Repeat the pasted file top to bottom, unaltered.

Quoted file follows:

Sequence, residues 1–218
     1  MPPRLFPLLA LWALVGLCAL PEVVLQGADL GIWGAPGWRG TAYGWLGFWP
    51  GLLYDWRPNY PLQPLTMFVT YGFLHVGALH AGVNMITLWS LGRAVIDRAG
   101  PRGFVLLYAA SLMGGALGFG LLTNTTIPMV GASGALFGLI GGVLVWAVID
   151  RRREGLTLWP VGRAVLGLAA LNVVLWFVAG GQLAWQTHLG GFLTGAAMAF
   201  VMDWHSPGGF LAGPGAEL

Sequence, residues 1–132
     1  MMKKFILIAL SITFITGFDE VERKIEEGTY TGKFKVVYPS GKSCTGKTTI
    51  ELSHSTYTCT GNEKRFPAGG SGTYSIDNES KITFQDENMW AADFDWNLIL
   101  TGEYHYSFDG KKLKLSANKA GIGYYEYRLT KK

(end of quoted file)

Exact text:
Sequence, residues 1–218
     1  MPPRLFPLLA LWALVGLCAL PEVVLQGADL GIWGAPGWRG TAYGWLGFWP
    51  GLLYDWRPNY PLQPLTMFVT YGFLHVGALH AGVNMITLWS LGRAVIDRAG
   101  PRGFVLLYAA SLMGGALGFG LLTNTTIPMV GASGALFGLI GGVLVWAVID
   151  RRREGLTLWP VGRAVLGLAA LNVVLWFVAG GQLAWQTHLG GFLTGAAMAF
   201  VMDWHSPGGF LAGPGAEL

Sequence, residues 1–132
     1  MMKKFILIAL SITFITGFDE VERKIEEGTY TGKFKVVYPS GKSCTGKTTI
    51  ELSHSTYTCT GNEKRFPAGG SGTYSIDNES KITFQDENMW AADFDWNLIL
   101  TGEYHYSFDG KKLKLSANKA GIGYYEYRLT KK